For a while, the feud wasn't too bad. Apart from the battle over the plug socket every evening (they're on, they're off, they're on again) for the most part, the fairy lights twinkled over happy faces, and in the multicoloured glow it was easy to avoid the pointed looks. But on the night of a howling storm, it almost turned ugly.
The rain battered, and the wind whistled, and the plastic roof wobbled. And leaked. Very near the fairy lights. And somehow, during the frantic distribution of vital supplies to survive this calamity, the suggestion was mooted that maybe the fairy lights should be taken down altogether.
And we stared at each other, and the wind howled about us, and the water dripped slowly between us. And we said nothing. And then the kitchen roll was raised again, and we continued to stuff the leaks, but we both knew that something had been changed by those words, and nothing, yes, nothing, would ever been the same again.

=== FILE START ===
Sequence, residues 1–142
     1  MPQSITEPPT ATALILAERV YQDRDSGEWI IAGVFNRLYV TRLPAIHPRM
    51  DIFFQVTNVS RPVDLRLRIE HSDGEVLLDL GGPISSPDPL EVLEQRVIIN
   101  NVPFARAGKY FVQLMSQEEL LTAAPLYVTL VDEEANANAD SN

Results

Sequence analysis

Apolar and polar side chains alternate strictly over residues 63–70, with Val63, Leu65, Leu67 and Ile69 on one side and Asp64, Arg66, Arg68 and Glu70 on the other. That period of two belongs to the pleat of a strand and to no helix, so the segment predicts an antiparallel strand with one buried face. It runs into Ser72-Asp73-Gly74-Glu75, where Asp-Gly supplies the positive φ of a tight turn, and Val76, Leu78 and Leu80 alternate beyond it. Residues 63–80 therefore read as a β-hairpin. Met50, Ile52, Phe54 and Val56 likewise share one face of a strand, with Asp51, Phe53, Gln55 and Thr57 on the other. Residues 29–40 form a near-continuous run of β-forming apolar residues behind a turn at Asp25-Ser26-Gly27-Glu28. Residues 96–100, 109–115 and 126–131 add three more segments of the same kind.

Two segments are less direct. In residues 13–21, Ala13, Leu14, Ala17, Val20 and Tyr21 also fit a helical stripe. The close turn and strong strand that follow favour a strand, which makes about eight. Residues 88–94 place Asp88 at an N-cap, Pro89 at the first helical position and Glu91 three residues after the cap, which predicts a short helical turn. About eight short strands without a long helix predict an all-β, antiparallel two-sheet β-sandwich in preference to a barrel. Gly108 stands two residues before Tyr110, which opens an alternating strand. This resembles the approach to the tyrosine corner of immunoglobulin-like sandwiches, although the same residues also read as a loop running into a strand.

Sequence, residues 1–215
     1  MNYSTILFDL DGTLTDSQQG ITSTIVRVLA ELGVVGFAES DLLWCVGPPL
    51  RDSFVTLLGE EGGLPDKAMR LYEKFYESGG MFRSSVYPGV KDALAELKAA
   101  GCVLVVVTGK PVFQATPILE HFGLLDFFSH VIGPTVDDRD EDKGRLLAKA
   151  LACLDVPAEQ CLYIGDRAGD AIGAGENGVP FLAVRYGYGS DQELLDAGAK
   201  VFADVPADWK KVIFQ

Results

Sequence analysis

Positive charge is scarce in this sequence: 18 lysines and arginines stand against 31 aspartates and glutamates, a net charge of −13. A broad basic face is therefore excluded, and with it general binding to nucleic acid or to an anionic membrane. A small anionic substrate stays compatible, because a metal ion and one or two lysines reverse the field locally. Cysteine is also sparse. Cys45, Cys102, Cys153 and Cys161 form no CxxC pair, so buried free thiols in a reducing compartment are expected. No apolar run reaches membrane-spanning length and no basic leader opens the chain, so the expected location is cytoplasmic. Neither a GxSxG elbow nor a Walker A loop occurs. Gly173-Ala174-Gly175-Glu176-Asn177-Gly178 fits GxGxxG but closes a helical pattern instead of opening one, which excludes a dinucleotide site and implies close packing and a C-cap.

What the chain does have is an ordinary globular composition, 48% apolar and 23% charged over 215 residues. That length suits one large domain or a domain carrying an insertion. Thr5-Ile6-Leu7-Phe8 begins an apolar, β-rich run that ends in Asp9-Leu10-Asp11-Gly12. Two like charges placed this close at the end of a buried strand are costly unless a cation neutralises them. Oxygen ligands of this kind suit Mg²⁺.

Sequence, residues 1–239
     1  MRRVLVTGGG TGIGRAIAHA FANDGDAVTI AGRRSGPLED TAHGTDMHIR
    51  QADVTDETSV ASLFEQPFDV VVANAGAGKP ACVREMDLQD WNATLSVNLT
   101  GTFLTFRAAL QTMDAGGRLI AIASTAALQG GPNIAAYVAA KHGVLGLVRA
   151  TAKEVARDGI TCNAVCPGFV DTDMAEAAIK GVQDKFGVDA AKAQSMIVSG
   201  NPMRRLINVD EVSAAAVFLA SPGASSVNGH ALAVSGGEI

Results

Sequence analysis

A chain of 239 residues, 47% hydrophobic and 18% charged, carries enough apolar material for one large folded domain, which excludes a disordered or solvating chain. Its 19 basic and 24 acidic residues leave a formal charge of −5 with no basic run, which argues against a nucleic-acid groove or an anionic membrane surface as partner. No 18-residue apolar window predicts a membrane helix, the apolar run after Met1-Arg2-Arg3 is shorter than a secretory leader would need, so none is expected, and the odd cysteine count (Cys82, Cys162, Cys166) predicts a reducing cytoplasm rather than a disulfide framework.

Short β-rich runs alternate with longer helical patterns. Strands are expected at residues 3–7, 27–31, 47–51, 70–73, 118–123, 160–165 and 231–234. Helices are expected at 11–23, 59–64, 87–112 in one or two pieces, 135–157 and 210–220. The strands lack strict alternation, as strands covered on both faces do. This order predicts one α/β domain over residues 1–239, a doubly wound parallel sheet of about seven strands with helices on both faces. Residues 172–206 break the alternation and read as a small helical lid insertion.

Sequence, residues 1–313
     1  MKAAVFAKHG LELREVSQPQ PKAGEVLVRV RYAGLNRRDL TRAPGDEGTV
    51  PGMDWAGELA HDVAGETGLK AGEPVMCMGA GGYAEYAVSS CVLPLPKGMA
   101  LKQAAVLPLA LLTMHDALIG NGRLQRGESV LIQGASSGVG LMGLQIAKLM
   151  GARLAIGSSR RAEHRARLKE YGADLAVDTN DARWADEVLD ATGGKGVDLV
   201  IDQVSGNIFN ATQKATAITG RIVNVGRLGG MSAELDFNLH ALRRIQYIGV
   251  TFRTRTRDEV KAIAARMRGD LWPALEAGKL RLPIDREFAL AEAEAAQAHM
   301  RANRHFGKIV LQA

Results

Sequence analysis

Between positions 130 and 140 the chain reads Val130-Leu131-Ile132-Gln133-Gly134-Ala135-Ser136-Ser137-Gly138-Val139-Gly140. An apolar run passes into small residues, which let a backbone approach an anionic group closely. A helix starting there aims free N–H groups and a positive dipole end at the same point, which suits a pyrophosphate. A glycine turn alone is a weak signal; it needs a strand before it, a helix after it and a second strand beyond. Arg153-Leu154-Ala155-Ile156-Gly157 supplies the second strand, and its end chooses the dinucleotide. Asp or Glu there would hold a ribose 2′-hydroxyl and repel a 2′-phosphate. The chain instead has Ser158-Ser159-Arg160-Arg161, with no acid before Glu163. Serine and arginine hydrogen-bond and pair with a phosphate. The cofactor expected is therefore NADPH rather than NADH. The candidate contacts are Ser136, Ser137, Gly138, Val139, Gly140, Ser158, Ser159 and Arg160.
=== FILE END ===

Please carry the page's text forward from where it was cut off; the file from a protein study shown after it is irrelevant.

Coming soon in Other Tales of Festivity:
How The Car Was Won And The Hubcap was Lost, The Miracle Of Cream Cheese in a Mince Pie, The Wonders of Actually Enjoyable Gainful Employment, Why Reading Diana Wynne Jones Books is Course-Related, and Staying On: the Extraordinary Story of a Student Trapped by her Christmas Job who must Remain in Leamington after all her Friends have Gone.
November 18, 2005
I don't get cold easily. And even if I do, I have at my disposal an exciting range of gloves, scarves, woolly jumpers and hats in which to bedeck myself. I even have a poncho, for times when a jumper just isn't pretentious enough.
Therefore, normally, I am a happy warm bunny, even in the depths of November in our lovely airy student abode. Apart from one teeny tiny problem. There is one area of me that continues to feel the cold – my poor beleagured nose. There is no item of clothing (apart from a scary burglar balaclava) that is suitable for warming and cherishing it in the course of a normal winter day. And thus it goes unwarmed and uncherished, and gets very very cold.